On June 24, 2015, Nikki Haley, a Republican who was South Carolina’s first non-white governor, called for the removal of a Confederate flag that had been flying over the state’s capitol grounds for years.
“This flag, while an integral part of our past, does not represent the future of our great state,” she said. Her action came a few days after an avowed white supremacist walked into an African-American church and opened fire, killing church members attending a service.
I was watching the news on TV when she made her gutsy move. I was deeply impressed.
And now, Ralph Northam, a Democrat who is governor of Virginia, has taken a similarly gutsy move. He has ordered that the state-owned statue of Confederate General Robert E. Lee be removed from its stand on Monument Avenue in Richmond. It has been there for about 130 years, erected by white supremacists with deep sentiment for their romantic myths of Southern history.
“I believe in a Virginia that learns lessons from our past and we all know that our country needs that example right now,” Northam said.
In another show of guts, Northam refused the White House’s request that Virginia National Guard soldiers be sent to Washington, D.C., to buttress President Donald Trump’s calls for military shows of force against widespread rioting across the country after an unarmed and handcuffed African-American was killed by Minneapolis police.
The calls for the National Guard came after Trump ordered peaceful protestors removed forcibly by federal agents and soldiers so that he could walk through Lafayette Square next to the White House to use the historic St. John’s Episcopal Church for an utterly vulgar campaign stunt. Standing in front of the church, he was photographed holding an unopened Bible that had been carried in his daughter’s $1,000-plus handbag.
His calls for troops defied the Washington Metropolitan Police and brought fierce criticism from D.C. Mayor Muriel Bowser.
Shortly afterwards, retired Marine Gen. and former Trump Secretary of Defense James Mattis made an extraordinarily sharp and unexpected rebuke of Trump and his campaign for using the military for his domestic political purposes. Mattis said that with Trump, the country has endured “three years without mature leadership.”
This is the extremely dangerous context in which Northam has taken his moves. No matter how much he is criticized by conservatives in the state, they can’t dismiss the point that he was a serving army doctor and understands very well that politicizing America’s military professionals is a very bad idea.
Liberals laud Northam because he has successfully brought progressive laws to the state including ratifying the Equal Rights Amendment and instituting badly needed gun controls.
Virginians have discussed for decades how to deal with Confederate memorials. The Old Dominion has more of them than any other state. Most originated with the Richmond-based United Daughters of the Confederacy that has peddled Southern mythology since it was formed in Nashville, Tenn. in the 19th century.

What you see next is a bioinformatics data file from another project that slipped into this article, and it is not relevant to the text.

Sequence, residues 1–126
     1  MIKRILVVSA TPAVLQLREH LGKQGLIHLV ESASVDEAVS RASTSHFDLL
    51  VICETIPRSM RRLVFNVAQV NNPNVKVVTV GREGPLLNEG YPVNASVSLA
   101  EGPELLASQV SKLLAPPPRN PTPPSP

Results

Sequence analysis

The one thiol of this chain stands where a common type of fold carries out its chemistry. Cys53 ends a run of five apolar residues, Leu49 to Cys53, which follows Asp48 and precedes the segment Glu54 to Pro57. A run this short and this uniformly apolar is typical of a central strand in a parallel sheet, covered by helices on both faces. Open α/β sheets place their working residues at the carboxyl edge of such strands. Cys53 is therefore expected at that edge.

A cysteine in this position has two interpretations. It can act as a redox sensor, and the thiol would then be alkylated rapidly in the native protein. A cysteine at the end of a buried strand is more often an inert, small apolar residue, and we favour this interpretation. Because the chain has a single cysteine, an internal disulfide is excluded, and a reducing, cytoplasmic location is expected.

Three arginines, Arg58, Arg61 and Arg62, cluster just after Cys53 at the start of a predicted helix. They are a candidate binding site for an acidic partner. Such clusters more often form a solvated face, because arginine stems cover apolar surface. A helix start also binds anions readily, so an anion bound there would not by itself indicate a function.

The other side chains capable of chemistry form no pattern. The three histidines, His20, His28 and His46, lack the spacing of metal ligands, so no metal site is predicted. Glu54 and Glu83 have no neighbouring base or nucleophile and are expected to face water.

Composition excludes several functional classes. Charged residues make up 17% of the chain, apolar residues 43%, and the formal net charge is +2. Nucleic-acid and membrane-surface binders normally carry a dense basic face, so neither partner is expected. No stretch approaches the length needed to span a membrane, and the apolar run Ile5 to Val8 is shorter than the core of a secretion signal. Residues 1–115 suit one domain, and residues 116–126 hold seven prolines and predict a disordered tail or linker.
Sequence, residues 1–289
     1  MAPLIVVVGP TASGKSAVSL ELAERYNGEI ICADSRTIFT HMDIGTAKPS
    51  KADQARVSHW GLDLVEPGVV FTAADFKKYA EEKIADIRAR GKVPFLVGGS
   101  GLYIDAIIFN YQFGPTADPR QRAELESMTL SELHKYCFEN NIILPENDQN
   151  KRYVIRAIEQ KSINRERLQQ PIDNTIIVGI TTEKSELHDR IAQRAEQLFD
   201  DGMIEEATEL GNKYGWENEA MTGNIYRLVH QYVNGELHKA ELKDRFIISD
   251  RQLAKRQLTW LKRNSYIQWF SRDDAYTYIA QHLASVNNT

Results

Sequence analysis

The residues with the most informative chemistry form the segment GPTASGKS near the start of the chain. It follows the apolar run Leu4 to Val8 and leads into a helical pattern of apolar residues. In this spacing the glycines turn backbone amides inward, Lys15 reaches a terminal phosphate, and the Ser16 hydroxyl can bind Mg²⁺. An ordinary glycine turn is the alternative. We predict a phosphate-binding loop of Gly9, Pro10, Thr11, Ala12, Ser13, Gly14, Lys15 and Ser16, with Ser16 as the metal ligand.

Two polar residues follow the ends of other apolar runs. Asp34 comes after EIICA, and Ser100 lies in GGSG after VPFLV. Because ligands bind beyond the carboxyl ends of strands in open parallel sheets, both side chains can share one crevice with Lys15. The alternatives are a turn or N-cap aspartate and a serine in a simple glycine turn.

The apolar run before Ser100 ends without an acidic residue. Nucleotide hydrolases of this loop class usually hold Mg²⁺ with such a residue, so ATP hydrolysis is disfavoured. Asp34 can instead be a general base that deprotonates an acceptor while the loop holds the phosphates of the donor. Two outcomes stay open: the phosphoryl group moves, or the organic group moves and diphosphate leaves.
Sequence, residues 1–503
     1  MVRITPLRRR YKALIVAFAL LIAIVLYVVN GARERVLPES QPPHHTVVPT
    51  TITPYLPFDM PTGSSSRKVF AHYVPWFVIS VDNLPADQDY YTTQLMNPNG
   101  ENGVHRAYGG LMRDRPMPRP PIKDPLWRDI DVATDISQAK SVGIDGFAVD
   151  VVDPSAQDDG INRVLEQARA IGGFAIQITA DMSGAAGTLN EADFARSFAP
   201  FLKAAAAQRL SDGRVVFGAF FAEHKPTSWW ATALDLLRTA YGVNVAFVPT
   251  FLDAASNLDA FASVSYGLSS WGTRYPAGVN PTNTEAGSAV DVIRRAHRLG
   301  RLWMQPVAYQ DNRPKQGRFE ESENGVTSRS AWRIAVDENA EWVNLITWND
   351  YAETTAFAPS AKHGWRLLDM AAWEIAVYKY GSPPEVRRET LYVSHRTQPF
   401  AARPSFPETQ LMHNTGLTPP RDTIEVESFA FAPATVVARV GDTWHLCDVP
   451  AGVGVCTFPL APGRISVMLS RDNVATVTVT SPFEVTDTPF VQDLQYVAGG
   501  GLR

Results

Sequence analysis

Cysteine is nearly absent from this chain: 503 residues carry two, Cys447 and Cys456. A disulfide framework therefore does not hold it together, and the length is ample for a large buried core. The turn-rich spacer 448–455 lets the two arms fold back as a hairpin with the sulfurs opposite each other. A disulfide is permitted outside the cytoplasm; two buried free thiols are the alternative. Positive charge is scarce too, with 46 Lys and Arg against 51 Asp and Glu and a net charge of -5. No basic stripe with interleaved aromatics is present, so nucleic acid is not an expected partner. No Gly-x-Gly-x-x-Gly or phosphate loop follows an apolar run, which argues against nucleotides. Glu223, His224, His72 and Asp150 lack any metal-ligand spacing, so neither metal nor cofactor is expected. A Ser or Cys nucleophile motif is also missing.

The memorial movement gained steam after Union occupation troops left the South after the Civil War and whites fought to take away post war political and economic gains that African-Americans had achieved.
In Richmond, Northam’s move is leading to others that will take down other statues of Confederate that effort is being led by Levar Stoney, the city’s young, African-American mayor.
In recent years such memorials have been used props for a variety of demonstrations by many sides. In 2015, the Lee statue in Richmond was the scene of anti-memorial protests as cameras whirred recording an international bicycle race, giving the issue global exposure.
As protestors protested and bicyclists zipped past, a small airplane flew in circles overhead towing a Confederate flag and a lettered statement that “Confederate Heros Matter.” I was covering the situation for a newspaper and noticed the misspelling of “Heroes.” Confederate flaggers later blamed the pilot for the mistake and put out a new, photo-shopped image on its digital outlets.
Moving a Lee statue was the reason and focus for a deadly protest in Charlottesville in 2017. The incident gave Virginia another global black eye.
In the last two weeks, Richmond’s monuments have been the focus of rioting, some of which involved looting and arson. They have also be the targets when city police tear-gassed peaceful protests.
Yes, the time has definitely come for the memorials to go from their current public places. I personally do not think they should be destroyed. They should be placed in appropriate spots accessible to the public with honest histories on signs nearby. We don’t need another months-long study by the Hunton & Williams law firm to explore the matter, as was done after the Charlottesville debacle.
Northam knows this and he’s right.There are currently no comments highlighted.